Muslims in Milton Keynes urged to have COVID-19 jab during the holy month of Ramadan

    Muslims are being urged to have their COVID-19 vaccine during the holy month of Ramadan, which is due to start on the evening of Monday 12th April.

    GPs are calling on Muslims to have the vaccine, which is the safest and most effective way to protect yourself, your family and those most at risk from the virus.

    To reassure the Muslim community, the British Islamic Medical Association has reviewed the analysis of Islamic scholars and confirmed that having the vaccine does not invalidate the fast. In addition, the vaccine does not contain pork or other animal, foetal or alcohol products - this reflects the advice of the majority of Islamic scholars that it is permissible.​

    Dr Ashraf and Dr Hawash, both practising Muslims, said: “Assalamualaikum and Ramadan Mubarak to our fellow Muslims. The holy month will be a very different experience for all of us once again this year, thanks to Covid-19, and your Imam will be able to advise you on how best to mark the month. However you celebrate, we wish you a safe and healthy Ramadan.

    “As Muslims we have a duty to preserve life and getting vaccinated is the most effective way to prevent illness and loss of life from Covid-19. A lot of hard work has gone into bringing the vaccines to our local communities to protect our most vulnerable, and we have already vaccinated thousands of people in Bedfordshire, Luton and Milton Keynes.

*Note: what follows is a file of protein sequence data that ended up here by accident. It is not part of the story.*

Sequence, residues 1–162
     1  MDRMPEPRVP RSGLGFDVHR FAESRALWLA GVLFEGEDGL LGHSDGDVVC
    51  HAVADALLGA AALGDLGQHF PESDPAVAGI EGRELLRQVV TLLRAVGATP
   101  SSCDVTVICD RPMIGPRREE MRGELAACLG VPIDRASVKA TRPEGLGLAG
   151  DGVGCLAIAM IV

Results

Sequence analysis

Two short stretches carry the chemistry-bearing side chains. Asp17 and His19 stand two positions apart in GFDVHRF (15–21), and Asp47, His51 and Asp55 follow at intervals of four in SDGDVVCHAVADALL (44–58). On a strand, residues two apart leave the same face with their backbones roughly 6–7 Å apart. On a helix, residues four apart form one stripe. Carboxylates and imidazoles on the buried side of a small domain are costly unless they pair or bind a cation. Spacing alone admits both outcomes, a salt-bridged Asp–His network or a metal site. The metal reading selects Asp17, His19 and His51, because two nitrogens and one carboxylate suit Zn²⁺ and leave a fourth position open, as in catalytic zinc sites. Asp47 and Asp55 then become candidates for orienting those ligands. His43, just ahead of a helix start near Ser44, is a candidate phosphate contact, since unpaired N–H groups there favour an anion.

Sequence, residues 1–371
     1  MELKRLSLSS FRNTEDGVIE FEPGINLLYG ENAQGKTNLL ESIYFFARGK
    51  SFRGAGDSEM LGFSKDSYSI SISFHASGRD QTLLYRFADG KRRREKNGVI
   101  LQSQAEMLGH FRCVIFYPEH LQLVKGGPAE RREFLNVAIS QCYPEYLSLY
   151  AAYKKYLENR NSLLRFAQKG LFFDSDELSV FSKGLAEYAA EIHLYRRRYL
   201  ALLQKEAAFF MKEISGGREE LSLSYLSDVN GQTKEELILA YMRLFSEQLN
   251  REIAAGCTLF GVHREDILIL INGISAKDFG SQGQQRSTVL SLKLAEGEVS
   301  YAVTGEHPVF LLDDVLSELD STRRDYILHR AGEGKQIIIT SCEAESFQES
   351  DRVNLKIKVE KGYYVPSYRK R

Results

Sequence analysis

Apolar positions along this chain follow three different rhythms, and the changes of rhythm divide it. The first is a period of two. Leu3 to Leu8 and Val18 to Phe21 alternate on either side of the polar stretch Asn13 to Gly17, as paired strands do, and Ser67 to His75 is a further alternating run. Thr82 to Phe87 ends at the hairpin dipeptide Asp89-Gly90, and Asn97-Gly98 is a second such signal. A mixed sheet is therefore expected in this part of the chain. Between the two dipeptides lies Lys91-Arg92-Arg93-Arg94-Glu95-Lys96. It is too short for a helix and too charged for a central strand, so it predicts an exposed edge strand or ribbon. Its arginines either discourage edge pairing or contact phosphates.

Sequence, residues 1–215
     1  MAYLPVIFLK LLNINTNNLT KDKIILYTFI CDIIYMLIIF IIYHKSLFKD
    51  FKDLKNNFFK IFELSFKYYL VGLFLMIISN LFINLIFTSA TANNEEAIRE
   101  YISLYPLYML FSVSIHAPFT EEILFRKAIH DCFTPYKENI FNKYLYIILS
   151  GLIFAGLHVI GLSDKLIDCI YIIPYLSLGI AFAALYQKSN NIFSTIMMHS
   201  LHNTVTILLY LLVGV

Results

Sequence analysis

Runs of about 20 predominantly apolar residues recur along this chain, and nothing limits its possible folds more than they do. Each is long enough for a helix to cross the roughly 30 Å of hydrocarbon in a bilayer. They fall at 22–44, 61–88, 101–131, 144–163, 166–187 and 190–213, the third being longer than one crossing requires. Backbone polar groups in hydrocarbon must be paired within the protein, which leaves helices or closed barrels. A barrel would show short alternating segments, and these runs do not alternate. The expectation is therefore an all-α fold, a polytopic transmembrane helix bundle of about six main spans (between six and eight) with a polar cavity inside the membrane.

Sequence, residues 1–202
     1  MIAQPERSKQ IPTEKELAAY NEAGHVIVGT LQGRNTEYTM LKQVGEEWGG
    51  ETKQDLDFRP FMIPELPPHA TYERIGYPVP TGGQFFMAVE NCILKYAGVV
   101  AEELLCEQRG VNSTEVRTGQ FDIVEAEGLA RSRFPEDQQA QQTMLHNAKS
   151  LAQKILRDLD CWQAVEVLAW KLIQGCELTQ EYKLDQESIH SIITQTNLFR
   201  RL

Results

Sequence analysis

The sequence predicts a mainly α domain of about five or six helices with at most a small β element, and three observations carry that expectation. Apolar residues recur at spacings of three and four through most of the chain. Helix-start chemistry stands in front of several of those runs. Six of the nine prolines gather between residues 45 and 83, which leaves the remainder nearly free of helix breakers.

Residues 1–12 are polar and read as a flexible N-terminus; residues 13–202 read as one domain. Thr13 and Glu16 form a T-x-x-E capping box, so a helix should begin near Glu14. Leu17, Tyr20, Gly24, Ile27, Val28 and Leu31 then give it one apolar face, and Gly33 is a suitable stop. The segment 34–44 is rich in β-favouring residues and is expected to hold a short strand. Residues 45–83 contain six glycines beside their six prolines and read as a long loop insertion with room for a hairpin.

"We must now stand together and not allow this progress to halt during Ramadan. Islamic scholars have made it clear that having the vaccine does not invalidate the fast, however if you are still unsure whether you should have a vaccine during the holy month please speak to your local Imam for guidance.

    “We urge everyone to have the jab when offered, but please continue to follow government guidelines to reduce transmission and help save lives.”

    Many rumours are also circulating surrounding the jab. These myths are primarily spread on Whatsapp, and include that the vaccine contains meat substances, ingredients derived from cows, or that it can alter your DNA - all of which are untrue. 

    A spokesperson for the Royal Society For Public Health previously told the BBC that anti-vaccination messages have been "specifically targeted" at some ethnic communities.

    However BAME communities are being urged to have the life-saving vaccine and listen to the professionals.

    Cllr Mohammed Khan, Deputy Mayor of Milton Keynes, had his vaccine over the weekend and is calling on BAME individuals to have their when they are offered it. 

    READ MORE: Deputy Mayor gets his vaccine after urging BAME community to get theirs

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